#RPGaDay2015: Most Surprising Game

 Posted by on August 4, 2015  Filed as: Editorial  Add comments  Topic(s):
Aug 042015

Day 4 of RPGaDay asks what was the most surprising game for me.RPG-a-day-2015-Twitter-2

The game that surprised me the most was Dungeon World by Sage Kobold Productions.

108028After about 30 years of role-playing, I thought I understood what gaming was and this was the first game that let me play a game, but got out of the way to let me play.

Now, in all fairness, Dungeon World is Powered by the Apocalypse, so really I should be saying that Apocalypse World by D. Vincent Bake is my most surprising game, but I haven’t played that game yet and Dungeon World was my first exposure to that game system, so Dungeon World it is.

To explain what I’m trying to say is that most RPGs are designed around either a simulationist approach, where they try to simulate the real world for game play or a narrativist approach, where they try to tell a story.

Simulationist games fail in that they keep intruding on role-playing and the story with game mechanics. Narrativist games also fail, because they don’t have enough mechanics to make it a satisfying game, it’s just story-telling.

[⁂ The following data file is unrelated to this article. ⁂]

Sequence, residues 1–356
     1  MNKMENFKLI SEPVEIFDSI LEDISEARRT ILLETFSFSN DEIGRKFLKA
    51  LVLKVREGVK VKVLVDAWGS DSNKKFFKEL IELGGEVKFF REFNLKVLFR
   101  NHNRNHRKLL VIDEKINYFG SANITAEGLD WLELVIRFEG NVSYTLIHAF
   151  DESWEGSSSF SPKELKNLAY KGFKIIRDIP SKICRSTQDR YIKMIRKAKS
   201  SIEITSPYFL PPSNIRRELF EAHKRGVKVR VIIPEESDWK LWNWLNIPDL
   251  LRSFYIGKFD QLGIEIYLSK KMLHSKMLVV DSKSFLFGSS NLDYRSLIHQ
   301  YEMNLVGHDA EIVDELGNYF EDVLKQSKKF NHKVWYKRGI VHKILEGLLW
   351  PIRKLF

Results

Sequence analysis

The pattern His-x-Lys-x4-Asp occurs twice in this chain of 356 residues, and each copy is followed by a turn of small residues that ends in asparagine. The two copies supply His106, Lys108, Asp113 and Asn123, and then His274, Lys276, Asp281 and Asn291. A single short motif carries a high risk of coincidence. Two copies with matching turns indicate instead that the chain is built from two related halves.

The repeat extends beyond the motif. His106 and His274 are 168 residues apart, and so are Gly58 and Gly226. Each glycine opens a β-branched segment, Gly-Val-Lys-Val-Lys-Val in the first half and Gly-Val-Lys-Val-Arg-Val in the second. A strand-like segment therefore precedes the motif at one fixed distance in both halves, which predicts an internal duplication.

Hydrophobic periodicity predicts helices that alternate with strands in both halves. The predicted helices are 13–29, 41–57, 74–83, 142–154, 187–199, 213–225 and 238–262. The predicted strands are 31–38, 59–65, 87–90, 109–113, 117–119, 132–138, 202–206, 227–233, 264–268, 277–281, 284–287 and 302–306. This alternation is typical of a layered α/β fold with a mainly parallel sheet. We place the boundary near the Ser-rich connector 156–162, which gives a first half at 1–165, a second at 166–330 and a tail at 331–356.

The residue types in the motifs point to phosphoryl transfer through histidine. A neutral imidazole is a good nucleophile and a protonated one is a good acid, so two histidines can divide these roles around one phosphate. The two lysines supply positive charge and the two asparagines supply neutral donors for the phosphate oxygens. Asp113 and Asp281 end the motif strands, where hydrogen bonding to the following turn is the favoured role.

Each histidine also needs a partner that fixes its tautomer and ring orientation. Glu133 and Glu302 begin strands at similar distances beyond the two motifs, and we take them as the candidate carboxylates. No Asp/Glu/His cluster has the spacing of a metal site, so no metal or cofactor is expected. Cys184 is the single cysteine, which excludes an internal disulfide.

Dungeon World’s simple mechanic of rolling two dice, adding them together and that gives you a result of fail forward (i.e. move the story forward despite failing), succeeding with consequences or a twist and fully succeeding, was revolutionary to me.

Here was a simple mechanic that got out of your way and let you tell a story. It was the first time I found a game that was simple enough to run, but had enough depth that it wasn’t just story-telling.

Simply put, Dungeon World surprised me, in a very good way. Haven’t looked back since.

More awesomeness...

Justin Schmid

Justin started tabletop gaming in 1983 with Basic D&D (red box) and never looked back. He runs and plays in a wide variety of games, including Savage Worlds, Dungeon World, Trail of Cthulhu and many, many more. He also writes professionally for role-playing games, including writing and creating Night's Edge an Alternate Reality Universe for Cyberpunk 2020. He went on to write eight more adventures and sourcebooks in the Night's Edge line, adding vampires and other supernatural perils to the already dangerous world of Cyberpunk. As a freelance writer, he wrote The Bermuda Triangle for Call of Cthulhu, Shadows of the Mind, and Psi Wars for Conspiracy X and contributed to Last Unicorn's Star Trek RPG, as well as to Cybergeneration sourcebooks, and many other games. When he's not creating imaginary worlds for his daughter, he's running games for his friends and writing new adventures or designing new game systems. He currently lives in Vancouver, B.C., Canada.

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